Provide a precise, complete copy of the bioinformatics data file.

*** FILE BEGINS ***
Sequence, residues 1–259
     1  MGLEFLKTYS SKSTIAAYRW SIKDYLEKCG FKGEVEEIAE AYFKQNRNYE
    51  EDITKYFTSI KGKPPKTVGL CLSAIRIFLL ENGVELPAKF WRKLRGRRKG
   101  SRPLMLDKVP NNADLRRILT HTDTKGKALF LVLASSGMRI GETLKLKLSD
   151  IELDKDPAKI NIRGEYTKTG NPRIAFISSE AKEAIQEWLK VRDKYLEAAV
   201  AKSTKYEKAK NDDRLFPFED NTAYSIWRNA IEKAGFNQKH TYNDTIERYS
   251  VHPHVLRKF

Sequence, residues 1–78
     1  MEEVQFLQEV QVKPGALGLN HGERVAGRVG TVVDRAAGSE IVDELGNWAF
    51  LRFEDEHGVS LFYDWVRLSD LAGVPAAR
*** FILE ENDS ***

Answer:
Sequence, residues 1–259
     1  MGLEFLKTYS SKSTIAAYRW SIKDYLEKCG FKGEVEEIAE AYFKQNRNYE
    51  EDITKYFTSI KGKPPKTVGL CLSAIRIFLL ENGVELPAKF WRKLRGRRKG
   101  SRPLMLDKVP NNADLRRILT HTDTKGKALF LVLASSGMRI GETLKLKLSD
   151  IELDKDPAKI NIRGEYTKTG NPRIAFISSE AKEAIQEWLK VRDKYLEAAV
   201  AKSTKYEKAK NDDRLFPFED NTAYSIWRNA IEKAGFNQKH TYNDTIERYS
   251  VHPHVLRKF

Sequence, residues 1–78
     1  MEEVQFLQEV QVKPGALGLN HGERVAGRVG TVVDRAAGSE IVDELGNWAF
    51  LRFEDEHGVS LFYDWVRLSD LAGVPAAR